5.1 Rates Equilibria and pH

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  • Created by: ryan
  • Created on: 18-12-12 17:49

1.1Rate graphs and orders

Rate of reaction:The change in the amount of reactants or products per unit time                               (per second).

order:How the reactants concentration affects the rate.                  

  •       shows the number of molecules of that reactant which are                                   involved in the rate determining step

rate constant:The larger it is the faster the reaction.

half-life:The time for half the reactant to disappear.                                                                  a first order reaction's half life is independent of the concentration

rate-determining step: The slowest step in a multi step reaction.

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Rate equations; rate constants


m and n are orders 0,1 or 2

Temperature changes:

reactions occur when particles collide with enough energy to break existing bonds. By increasing the temperature the reactant particles speed up, so they collide more often, with more of a chance of reacting as they have more energy.

So, Increasing temperature increases the reaction rate.

According to the rate equation, reaction rate is affected only by the rate constant and the reactant concentrations.  therefore, it must change the rate constant.

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Rate determining step

Using a rate determining step it is possible to create a rate equation. for example by looking at the mechanism between chlorine free radicals and ozone.

As both chlorine free radicals and ozone are in the rate determining step they must both be in the rate equation.

As there is only one Chlorine free radical and one Ozone molecule they must both be to the order 1.

Making the equation:

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1.2 Equilibrium

Dynamic equilibrium can only happen in a closed system at a constant temperature.

H2+I2 <=>2HI

If 1.0 mole of Hydrogen gas is mixed with 1.0 mole of Iodine gas at a constant temperature 640K. At equilibrium, if there is 1.6 moles of Hydrogen Iodide there will be 0.2 moles of the starting gases, no matter how long you leave it.the equilibrium amounts never change.


by using the molar concentrations of each substance at equilibrium it is possible to work out the equilibrium constant, Kc, at a particular temperature. 

aA+bB<=>dD+eE,    Kc=[D]^d[E]^e/[A]^a[B]b

products go on the top line [] mean concentration in moldm^-3

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more on Kc

Temperature changes alter Kc

increasing the temperature in an exothermic reaction (-dH) will shift the reaction in the endothermic direction (+dH) to absorb the extra heat.

Decreasing the reaction temperature will shift the equilibrium in the exothermic direction to replace the lost heat.

If the change means more product is formed Kc will increase. if it means less is formed, Kc will decrease.

Concentration, pressure changes will cause the equilibrium to counteract the change meaning Kc will remain the same.

A catalyst will not affect Kc, it will just ensure equilibrium is reached faster.

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1.3 Bronsted-Lowry acids and bases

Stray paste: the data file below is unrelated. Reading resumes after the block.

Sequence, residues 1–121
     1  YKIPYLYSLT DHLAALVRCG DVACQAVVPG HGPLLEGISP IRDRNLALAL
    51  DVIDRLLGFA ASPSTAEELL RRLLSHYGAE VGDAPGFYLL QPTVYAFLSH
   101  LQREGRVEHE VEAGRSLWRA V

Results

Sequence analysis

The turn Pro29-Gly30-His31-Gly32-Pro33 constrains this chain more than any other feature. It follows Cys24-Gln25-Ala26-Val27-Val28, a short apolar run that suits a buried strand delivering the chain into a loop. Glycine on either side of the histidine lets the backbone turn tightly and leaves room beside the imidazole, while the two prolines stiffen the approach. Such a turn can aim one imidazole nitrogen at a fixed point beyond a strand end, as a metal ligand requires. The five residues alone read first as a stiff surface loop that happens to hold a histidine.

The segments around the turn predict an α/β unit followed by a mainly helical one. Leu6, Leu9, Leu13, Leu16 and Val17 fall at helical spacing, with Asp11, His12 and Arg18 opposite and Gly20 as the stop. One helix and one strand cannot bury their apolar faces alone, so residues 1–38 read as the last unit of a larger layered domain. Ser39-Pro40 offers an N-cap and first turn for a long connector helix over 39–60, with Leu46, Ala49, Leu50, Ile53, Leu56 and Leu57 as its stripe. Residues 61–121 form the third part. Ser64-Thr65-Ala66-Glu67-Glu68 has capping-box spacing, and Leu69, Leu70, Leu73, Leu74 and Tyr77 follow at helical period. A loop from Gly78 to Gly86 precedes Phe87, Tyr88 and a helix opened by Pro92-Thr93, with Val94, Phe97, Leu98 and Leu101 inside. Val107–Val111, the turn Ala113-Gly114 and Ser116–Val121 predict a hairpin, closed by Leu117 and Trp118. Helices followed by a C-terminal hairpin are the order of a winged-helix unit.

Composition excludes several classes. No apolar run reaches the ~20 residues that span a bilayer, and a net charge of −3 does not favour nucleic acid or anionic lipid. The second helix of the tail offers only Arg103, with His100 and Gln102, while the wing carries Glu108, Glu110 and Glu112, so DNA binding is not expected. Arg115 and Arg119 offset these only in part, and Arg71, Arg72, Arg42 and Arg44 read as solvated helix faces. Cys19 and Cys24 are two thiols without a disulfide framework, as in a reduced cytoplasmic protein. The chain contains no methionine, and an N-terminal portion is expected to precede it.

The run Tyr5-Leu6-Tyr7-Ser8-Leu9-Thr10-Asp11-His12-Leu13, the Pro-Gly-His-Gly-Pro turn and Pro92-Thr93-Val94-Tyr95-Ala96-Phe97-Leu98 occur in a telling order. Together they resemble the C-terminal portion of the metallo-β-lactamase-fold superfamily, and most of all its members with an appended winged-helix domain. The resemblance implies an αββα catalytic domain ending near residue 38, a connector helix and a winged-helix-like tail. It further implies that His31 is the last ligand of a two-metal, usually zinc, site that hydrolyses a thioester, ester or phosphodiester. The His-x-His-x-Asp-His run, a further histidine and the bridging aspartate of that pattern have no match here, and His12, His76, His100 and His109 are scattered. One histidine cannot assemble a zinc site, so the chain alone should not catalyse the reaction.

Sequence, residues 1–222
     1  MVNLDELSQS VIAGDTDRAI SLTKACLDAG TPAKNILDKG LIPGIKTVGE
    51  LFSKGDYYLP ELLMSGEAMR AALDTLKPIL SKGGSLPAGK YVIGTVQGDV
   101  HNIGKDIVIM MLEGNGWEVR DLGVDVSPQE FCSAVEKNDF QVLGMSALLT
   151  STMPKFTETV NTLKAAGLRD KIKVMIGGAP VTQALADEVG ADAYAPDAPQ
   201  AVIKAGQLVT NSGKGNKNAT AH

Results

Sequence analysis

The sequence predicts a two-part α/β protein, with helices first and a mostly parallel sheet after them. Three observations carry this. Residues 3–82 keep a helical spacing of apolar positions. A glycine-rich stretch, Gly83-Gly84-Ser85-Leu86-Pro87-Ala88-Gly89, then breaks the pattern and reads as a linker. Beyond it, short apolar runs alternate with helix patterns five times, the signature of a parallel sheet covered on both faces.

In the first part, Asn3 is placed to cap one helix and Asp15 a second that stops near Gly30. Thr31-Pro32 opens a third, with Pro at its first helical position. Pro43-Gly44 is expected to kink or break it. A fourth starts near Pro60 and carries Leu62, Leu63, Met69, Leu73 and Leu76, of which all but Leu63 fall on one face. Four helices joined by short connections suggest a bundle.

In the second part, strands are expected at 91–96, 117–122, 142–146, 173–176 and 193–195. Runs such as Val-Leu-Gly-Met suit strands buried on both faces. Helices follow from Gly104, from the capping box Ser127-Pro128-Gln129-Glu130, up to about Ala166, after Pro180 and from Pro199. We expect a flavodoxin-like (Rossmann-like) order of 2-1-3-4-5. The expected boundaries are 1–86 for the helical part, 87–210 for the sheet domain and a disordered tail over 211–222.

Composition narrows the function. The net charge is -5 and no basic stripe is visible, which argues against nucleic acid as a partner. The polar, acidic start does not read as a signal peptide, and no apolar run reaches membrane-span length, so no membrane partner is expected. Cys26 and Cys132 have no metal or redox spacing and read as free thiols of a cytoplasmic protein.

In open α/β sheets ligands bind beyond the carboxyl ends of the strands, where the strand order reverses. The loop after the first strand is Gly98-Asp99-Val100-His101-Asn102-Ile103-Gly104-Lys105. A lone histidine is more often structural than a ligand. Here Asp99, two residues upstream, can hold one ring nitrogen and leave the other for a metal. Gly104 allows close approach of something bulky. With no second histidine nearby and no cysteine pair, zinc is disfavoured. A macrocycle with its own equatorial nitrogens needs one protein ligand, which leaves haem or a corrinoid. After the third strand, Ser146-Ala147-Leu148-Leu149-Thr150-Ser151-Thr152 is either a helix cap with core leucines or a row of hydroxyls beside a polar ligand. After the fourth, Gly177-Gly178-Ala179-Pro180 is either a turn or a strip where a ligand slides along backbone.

Acid - A species that can donate a proton                                                                     Base - A species that can accept a proton

 Metal atoms will become oxidised by donating electrons to H+ ions, reducing them, Hydrogen gas is given off.

 Carbonates react with an acid forming water and carbon dioxide.

 Acids and bases will react and neutralise each other.                                                    Most insoluble bases are metal oxides and are neutralised too.

when an acid is added to water  the acid HA donates a proton to the water, in the reverse reaction however, the A- acts as a base and accepts. Water in this case is a base as it accepts a proton.

When a base is added to water, the water donates a proton so can also be considered an acid.

The conjugate pairs for both instances will be the acids with their corresponding bases

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strong and weak acids

A strong acid/base is one which will dissociate completely.

A weak acid/base is one which will dissociate negligibly.

To find the pH of a weak acid you use Ka (the acid dissociation constant).


as all H+ ions come from the acid you can make [H+]=[A-] making Ka=[H+]^2/[HA]

pKa=-log(Ka)    Ka=10^-pKa

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pH and [H+(aq)]


for strong monobasic acids [H+]=[Acid]

For strong bases [OH-]=[Base]

Kw=[H+][OH-] (mol^2dm^-6)

using the Kw expression the pH of a strong base can be worked out, by taking the concentration of the base as the concentration of OH- ions you can calculate [H+] by rearranging the Kw equation.

[H+]=Kw/[OH-] then taking the -log of [H+]

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  • A buffer is a system that minimises pH changes on the addition of a small amount of acid or base.
  • if an acid is added the H+ concentration increases. most of the extra H+ ions combine with the B- ions to form HB. Shifting the equilibrium to the left.
  • If base is added 
  • It can be made from a weak acid and a salt of the weak acid.
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this is excellent

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